While the panelists shared the task of representing individuals who are prominently in the public eye, they each brought a unique perspective on the task to the panel. Whereas Mr. Fee is predominately a white-collar criminal defense lawyer, Ms. Arminak deals primarily with civil litigation involving celebrities in Hollywood, and Mr. Reisinger navigates both worlds while also dealing with leagues and players’ unions. These differences were apparent in the panelists’ thoughts on preventative measures.
For example, while Ms. Arminak views preventative measures as important, particularly for clients who are repeat offenders, both Mr. Fee and Mr. Reisinger see themselves in more of a firefighter role, where their job is to be reactive rather than proactive. Mr. Fee emphasizes that regardless of false or misleading information being leaked out regarding the client, a lawyer must abide by a code of ethics and resist the urge to make a statement, particularly because hopes of turning the press are tempting, but ultimately unrealistic. Ms. Arminak generally agreed with Mr. Fee, but pointed out that from a civil perspective, she is often in a better position to make comments. Her belief is that occasionally there is a need to fight back to show the client that work is being done on their behalf. In contrast, Mr. Reisinger advocated for silence, for it is better to “deny the fire oxygen” and remain vague while saying little. Ironically, despite being based out of the location with the heaviest media scrutiny, Ms. Arminak was alone in claiming that she does not actively pay attention to the media coverage that her cases receive.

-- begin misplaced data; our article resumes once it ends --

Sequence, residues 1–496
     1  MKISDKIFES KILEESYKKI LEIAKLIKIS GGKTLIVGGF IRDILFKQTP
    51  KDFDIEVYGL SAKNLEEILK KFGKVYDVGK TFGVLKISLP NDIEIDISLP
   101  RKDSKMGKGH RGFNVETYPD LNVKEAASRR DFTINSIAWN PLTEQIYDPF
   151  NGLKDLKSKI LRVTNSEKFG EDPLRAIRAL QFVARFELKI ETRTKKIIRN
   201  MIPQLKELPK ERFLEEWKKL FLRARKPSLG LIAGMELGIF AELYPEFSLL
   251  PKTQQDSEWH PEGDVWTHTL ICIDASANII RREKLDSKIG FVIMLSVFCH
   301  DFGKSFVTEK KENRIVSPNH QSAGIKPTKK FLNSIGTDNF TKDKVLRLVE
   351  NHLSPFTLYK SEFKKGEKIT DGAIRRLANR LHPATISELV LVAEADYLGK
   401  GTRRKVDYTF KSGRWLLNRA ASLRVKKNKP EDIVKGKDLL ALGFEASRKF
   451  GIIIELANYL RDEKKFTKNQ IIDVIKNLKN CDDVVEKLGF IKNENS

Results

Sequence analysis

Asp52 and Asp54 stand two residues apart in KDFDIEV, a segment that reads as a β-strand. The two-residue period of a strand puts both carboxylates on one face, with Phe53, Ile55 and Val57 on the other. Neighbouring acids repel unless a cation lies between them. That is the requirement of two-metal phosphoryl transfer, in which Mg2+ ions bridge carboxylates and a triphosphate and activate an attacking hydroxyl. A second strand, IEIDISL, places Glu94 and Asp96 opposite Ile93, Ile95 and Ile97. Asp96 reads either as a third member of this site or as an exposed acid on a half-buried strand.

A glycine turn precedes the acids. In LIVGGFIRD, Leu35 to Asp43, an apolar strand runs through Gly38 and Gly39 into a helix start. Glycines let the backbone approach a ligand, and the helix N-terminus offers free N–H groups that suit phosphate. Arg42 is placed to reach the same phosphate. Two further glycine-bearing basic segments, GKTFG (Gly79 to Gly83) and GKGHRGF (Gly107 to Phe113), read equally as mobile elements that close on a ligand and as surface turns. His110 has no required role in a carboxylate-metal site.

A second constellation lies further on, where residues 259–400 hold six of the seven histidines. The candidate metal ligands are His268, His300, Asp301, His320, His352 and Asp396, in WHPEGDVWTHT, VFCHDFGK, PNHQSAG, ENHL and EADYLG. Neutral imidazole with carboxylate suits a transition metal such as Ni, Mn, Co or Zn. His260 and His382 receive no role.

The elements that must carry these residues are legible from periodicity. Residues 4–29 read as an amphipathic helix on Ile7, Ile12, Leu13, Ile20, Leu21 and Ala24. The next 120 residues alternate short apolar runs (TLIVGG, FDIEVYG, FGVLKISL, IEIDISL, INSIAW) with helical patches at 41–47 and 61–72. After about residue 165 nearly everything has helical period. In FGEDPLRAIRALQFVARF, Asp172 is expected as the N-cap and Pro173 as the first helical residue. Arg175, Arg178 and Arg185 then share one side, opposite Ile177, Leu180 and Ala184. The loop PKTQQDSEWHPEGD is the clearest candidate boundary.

The panelists were unanimous, however, in agreeing that the biggest challenges from working with a celebrity client are the media coverage and the other people who have clients’ ears, such as agents, friends, and family members. In particular, the difficulty in controlling the celebrity’s posse creates problems in terms of remaining in control of all aspects of the trial. Ms. Arminak points out, however, that the media attention may cut both ways, as sympathetic media attention can cause a case to proceed more smoothly. In addition, none of the panelists favored using a PR company to deal with the publicity for a case. Mr. Reisinger was adamant that any statements that should be put out could be handled internally, without resorting to using such firms